Sophie Ecclestone: A Spinner with the world at her feet

I think it's apt to celebrate this International Women's Day by focusing on Sophie Ecclestone, England's left-arm spinner who continues to bedazzle fans, coaches and opponents.

At the age of just 21, Ecclestone already has over 100 international wickets to her name including 56 T20 wickets at an average of just 15.46. She's currently ranked the #1 T20 bowler in the world and is just one year removed from finishing the T20 World Cup with 8 wickets at an average of 6.12 average and an outstanding economy rate of 3.23.

If it feels as though Sophie has been around for a while, that's because she has. Ecclestone went on her first England tour at the age of 16, and made her international debut at the age of 17, she's the youngest ever female bowler to take 50 wickets at the T20 level and having achieved so much so soon, you can only imagine what she could go on to become.

Cricket has always been the #1 for Sophie and in an interview with the BBC she speaks about bowling her headmaster first ball and surprising everyone, the headmaster included.

How she bowled one over of seam and one over of spin to see which she preferred, sticking with spin and honing her craft over many years, first playing for Cheshire, before being spotted by Lancashire.

She now plays for the North West Thunder, which is one of the 8 regional hubs in the women's domestic game, established in 2020. In 2019/20 she appeared for the women's IPL trailblazers helping them win their first title.

Later this year she'll be playing for the Manchester Originals in the first edition of The Hundred. A competition that may not be adored by the masses, but one that will help highlight the talent in the women's game.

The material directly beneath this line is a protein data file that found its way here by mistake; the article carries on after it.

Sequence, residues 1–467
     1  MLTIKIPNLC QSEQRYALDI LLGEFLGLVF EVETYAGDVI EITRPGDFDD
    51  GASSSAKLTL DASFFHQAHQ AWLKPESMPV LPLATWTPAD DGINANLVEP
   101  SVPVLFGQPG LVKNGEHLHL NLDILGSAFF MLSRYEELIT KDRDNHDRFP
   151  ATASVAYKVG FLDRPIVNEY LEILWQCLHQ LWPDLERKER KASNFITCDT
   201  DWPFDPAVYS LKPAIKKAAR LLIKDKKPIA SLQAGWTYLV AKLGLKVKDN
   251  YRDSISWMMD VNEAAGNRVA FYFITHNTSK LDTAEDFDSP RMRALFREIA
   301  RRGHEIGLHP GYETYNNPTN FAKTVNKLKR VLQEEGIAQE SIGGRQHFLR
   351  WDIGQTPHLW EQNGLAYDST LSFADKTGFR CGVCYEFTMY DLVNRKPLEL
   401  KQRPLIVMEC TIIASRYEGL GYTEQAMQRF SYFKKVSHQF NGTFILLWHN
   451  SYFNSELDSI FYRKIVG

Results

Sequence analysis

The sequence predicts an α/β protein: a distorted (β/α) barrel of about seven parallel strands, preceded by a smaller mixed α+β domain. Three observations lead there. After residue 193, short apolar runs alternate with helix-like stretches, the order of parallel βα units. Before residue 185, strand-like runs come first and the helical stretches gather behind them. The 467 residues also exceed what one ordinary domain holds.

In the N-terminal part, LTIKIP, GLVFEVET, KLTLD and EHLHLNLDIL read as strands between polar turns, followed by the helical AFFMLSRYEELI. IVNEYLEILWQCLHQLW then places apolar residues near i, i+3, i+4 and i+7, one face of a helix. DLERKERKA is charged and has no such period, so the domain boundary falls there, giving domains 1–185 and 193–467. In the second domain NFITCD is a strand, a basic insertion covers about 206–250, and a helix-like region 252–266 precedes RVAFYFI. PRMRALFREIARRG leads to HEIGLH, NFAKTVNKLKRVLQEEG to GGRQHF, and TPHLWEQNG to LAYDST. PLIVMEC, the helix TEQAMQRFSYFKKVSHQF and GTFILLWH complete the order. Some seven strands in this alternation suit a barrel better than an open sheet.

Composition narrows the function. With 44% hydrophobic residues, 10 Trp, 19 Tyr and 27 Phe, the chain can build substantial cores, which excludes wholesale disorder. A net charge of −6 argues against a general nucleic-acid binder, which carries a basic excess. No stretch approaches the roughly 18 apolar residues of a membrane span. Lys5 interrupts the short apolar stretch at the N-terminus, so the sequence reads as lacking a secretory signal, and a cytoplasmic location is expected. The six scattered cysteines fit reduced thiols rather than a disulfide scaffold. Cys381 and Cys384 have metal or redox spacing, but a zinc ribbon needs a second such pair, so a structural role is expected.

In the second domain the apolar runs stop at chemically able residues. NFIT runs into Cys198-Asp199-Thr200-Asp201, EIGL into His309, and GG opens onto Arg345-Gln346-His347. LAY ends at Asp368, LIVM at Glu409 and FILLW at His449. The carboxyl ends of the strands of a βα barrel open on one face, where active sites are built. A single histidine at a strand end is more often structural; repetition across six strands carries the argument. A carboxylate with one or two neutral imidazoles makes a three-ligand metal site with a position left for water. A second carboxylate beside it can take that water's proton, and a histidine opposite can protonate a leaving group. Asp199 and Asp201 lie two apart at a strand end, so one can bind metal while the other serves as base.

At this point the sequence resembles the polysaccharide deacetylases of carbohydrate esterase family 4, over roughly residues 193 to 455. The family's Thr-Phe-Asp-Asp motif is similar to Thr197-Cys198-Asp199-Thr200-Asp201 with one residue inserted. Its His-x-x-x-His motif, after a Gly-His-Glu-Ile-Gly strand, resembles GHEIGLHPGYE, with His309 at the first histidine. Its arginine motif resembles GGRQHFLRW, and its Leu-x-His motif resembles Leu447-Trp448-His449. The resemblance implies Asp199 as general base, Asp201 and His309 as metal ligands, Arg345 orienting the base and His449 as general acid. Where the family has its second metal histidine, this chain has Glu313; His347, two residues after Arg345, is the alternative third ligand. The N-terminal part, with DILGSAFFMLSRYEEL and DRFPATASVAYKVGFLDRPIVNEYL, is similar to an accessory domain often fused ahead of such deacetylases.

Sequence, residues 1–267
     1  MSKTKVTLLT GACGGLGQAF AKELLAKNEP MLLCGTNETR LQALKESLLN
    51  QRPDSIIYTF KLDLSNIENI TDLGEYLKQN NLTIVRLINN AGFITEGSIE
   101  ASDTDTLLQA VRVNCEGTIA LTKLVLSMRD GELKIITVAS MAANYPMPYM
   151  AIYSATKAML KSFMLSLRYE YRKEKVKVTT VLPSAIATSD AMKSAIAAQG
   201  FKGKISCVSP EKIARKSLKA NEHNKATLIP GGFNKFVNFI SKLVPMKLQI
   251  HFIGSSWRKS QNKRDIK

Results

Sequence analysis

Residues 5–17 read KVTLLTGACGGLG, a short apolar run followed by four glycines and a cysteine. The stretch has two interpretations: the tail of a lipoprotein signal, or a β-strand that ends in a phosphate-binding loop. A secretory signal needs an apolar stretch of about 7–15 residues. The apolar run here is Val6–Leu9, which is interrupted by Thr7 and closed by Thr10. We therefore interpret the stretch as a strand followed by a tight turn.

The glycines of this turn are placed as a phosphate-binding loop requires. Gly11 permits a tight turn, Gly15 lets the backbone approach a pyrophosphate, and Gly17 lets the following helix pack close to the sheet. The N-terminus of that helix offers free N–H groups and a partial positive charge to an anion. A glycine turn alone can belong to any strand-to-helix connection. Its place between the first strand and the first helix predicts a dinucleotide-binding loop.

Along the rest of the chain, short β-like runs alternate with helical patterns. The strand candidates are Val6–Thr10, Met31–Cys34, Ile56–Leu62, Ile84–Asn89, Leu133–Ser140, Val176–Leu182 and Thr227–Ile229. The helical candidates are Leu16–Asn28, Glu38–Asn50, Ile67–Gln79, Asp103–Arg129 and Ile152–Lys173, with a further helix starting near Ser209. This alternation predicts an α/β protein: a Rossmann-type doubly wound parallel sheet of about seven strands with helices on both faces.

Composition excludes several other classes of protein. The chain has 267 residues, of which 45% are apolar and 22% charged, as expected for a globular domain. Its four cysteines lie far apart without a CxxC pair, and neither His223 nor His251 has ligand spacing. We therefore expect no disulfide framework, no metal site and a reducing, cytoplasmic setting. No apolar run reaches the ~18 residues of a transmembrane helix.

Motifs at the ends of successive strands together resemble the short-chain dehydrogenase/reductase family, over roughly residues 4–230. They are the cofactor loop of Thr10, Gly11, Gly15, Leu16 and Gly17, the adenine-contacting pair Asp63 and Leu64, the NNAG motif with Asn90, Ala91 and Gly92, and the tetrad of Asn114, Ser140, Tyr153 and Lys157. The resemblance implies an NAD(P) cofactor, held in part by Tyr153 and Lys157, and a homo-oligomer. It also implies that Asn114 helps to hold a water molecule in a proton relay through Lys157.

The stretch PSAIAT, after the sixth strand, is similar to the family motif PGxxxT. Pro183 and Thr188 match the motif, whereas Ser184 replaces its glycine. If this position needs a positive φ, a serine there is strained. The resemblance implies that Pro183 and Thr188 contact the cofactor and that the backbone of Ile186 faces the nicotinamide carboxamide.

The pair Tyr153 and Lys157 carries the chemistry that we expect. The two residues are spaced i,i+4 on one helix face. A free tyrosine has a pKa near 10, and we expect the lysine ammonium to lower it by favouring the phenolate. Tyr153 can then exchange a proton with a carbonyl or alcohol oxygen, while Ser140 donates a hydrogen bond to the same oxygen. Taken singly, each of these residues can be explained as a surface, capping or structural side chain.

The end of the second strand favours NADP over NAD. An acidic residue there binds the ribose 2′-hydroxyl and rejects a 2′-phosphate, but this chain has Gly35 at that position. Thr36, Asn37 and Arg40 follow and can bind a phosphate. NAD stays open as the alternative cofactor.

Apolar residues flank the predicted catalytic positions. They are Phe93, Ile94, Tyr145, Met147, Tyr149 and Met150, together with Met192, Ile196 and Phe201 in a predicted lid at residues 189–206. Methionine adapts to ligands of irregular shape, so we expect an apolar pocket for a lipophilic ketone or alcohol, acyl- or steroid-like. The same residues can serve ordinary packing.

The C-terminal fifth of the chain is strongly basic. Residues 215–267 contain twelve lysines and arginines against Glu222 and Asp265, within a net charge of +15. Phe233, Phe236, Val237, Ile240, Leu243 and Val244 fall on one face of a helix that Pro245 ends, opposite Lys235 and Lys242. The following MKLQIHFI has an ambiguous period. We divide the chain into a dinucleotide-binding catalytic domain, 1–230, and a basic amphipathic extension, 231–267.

In a recent interview, Sophie was asked about her career goals

"Just to become one of the best players that's ever played women's cricket really, and be one of the best spinners and be remembered by that,"

I think it's safe to say that she's well on her way to doing just that. Sophie has shown a consistency with ball placement that is very difficult to master. We've recently seen a spin masterclass in India by Patel and Ashwin and their ability to land the ball in the right places was key to building pressure and taking wickets. It's this consistency which separates Sophie from some of the other bowlers currently playing their trade on the circuit.

However, there are plenty of other attributes which make Sophie so entertaining to watch and so difficult to face. Not only does she spin the ball more than most, she also has a variety of variations and speeds which she uses to devastating effect. Her deliveries are extremely difficult to pick up and she constantly forces batters to play through her consistent line.

She also has the advantage of being 6 feet tall, this provides a good angle for Sophie to attack the batsmen, getting good bounce off the pitch. It's hard to see anything detailing the progress of Eccelstone and the expectation is that she'll go on to be one of the greatest spinners if not the greatest spinners to ever play the game.

England have an embarrassment of riches when it comes to the spin department with Sarah Glenn and Mary Villiers joining Sophie in one of the most exciting trios in world cricket. When you add that to the pace of Brunt, Shrubsole, Farrant and Davies, England are well placed to win more silverware over the coming years.

So what's next for Sophie after already reaching the summit of the women's T20 game?

The focus now will be on staying there, staying consistent and improving the batting side of her game.

She currently averages 13 with the bat in T20's and 6.58 in ODI's. She's often commented that she would like to improve to the extent that England moves her up the order.

That desire for excellence is what makes Eccelstone such a good bowler, and at this stage we wouldn't bet against her achieving whatever goal she sets herself.

After a dominating display in New Zealand, attention will turn to this summer. Before the concentration moves to the ODI world cup that's set to take place in New Zealand next March, with England looking to defend the title they won in 2017.


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